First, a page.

How the Cavs broke the NBA in 2017

The switch.

I will be the first to admit it. I lost my faith during the regular season this year. Everyone kept talking about this “switch” the Cavs will flip come playoff time. The “switch” that will allow them to dominate after an okay regular season.  The “switch” that would once again send us to the finals.

I honestly didn’t believe such a “switch” ever existed. I didn’t think after the season we had, that we would even make it out of the Eastern Conference. We have arguably the best player to ever play in the NBA on our team, and if we couldn’t dominate the regular season, we had no chance to make it to the finals again, let alone win. I even bet a pizza on it.

And ladies and gentlemen, I am here to say…

I was wrong.

I was taught at a young age that practice makes permanent. That is to say, maintaining good habits during the practice is oftentimes more important than the practice itself. If you get lazy, that stays with you. There is only an added benefit to practice, so long as it is executed properly. Watching game after game of the Cavs acting lazy and tired on the court all season long, I was understandably worried.

The 80/20 rule.

The Cavs discovered this season that they can operate under the Pareto principle and still dominate in the playoffs. Oh, what’s that? You’ve never heard of the Pareto principle? You may know it as the 80/20 rule:

Pareto Principle

Some of the most successful people I know live by this principle. In its simplest form, it states that you put 80% of your time in 20% of your work. So, the regular season of the NBA has 82 games. It’s my firm belief that the Cavs (or more likely, just LeBron) realized that it is not vital to try and win all 82 games, and in fact, it is illogical to do so. We went 57-25 last season, compared to the Warriors’ impressive 73-9, and we still came out victorious. This year we were just 51-31, still making it into the playoffs, but earning a second-seed position. LeBron sat out 8 games this year, compared to 6 games last year. By contrast, Steph Curry only sat out 3 games in each of the last two seasons.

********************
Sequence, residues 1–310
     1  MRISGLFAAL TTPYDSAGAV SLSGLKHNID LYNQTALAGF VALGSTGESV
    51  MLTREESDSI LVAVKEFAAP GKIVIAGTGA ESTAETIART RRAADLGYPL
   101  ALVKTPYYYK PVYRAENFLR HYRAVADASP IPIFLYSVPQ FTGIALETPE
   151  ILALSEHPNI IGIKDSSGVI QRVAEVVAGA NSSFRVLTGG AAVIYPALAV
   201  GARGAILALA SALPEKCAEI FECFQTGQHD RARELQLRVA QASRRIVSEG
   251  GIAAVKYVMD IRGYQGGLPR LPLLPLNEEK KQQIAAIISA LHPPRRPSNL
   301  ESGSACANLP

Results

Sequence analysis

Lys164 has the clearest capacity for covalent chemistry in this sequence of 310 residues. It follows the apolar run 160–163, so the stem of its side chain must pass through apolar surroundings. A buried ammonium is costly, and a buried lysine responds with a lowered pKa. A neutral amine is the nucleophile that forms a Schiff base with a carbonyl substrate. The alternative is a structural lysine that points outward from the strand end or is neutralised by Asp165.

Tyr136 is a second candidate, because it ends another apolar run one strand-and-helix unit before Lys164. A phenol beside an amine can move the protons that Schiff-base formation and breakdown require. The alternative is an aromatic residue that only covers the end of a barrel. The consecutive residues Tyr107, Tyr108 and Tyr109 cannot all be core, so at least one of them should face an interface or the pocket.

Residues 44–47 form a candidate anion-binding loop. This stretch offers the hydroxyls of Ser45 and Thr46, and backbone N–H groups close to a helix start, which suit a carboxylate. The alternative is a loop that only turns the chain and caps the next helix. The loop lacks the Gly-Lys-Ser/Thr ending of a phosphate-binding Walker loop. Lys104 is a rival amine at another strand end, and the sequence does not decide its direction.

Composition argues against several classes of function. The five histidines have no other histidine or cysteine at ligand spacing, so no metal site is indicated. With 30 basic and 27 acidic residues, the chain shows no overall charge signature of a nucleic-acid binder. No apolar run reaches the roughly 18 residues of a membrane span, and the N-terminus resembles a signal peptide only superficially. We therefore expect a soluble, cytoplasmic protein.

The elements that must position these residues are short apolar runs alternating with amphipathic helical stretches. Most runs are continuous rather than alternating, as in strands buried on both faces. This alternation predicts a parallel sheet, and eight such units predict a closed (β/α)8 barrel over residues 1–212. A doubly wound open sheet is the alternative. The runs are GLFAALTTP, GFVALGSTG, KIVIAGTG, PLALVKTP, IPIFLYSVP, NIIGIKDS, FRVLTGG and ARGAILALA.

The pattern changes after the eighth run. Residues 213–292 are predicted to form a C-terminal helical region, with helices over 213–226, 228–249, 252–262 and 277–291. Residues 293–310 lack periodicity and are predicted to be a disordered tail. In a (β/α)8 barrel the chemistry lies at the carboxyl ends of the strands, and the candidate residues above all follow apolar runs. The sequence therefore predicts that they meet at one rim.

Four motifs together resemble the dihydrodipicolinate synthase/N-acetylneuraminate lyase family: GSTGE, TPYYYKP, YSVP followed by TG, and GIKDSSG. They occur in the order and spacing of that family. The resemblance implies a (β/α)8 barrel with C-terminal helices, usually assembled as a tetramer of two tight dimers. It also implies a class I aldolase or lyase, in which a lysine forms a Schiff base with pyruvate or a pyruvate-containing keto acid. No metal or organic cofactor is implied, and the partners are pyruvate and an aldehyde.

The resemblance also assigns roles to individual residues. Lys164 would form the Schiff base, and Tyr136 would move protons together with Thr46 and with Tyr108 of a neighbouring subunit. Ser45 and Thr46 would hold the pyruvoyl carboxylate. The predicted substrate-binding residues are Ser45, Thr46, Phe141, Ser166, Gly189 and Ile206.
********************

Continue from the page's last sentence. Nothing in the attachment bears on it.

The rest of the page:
The Cavs are 12-1 this post season. They are the first team in the Eastern Conference to reach the finals with one or fewer losses in the playoffs since the 1995-1996 Bulls (and, the Bulls finished 72-10 in their regular season that year).

LeBron figured out how to rig the system in his favor. And, if you think about it, by employing the 80/20 rule, he isn’t really rigging anything, per se. He just figured out a way to get his team to work smarter, not harder. Isn’t that the true American dream?

Will it pay off in a championship again this year? If you had asked me a month and a half ago when we barely beat the Pacers 108-109… I would have said no chance. But now, I’m not so sure.

I guess we’ll find out soon enough… Game 1 of the NBA Finals is June 1st at 9PM. See you all there.

champs

This was always our year: Part II

 

Cleveland is on fire (and I say that to include the dumpster fire that is the Browns so far this season, mind you), and there is no stopping us now. The Cavs win the championship for the first time ever and now, with an impressive record of 91-65, the Indians clinch their first division title in nearly a decade?? Is this real life? Hello, October 🙂

As long as you get blackout drunk every Sunday morning before the Browns play, it’s good to be a Cleveland fan in 2016.

More locker room fun at Bottlegate.com.

This was always our year

I was up early this morning.

The streets were quieter than usual, probably due to the fact that most of the town was still sleeping off the previous nights’ celebration. Though it was quiet, there was something different in the air. Something that this city hasn’t felt in 52 years. Victory.

We all wake up this morning as champions. The entire city of Cleveland. For everyone who ever doubted us, for Believeland, for everything else we’ve gone through… we made it. We are all winners today. And damn, does that feel good.

 

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It. Happened. !!!!! #cleveland #mycity #ahhhhhhh

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Misconceptions I had about the Cavs this season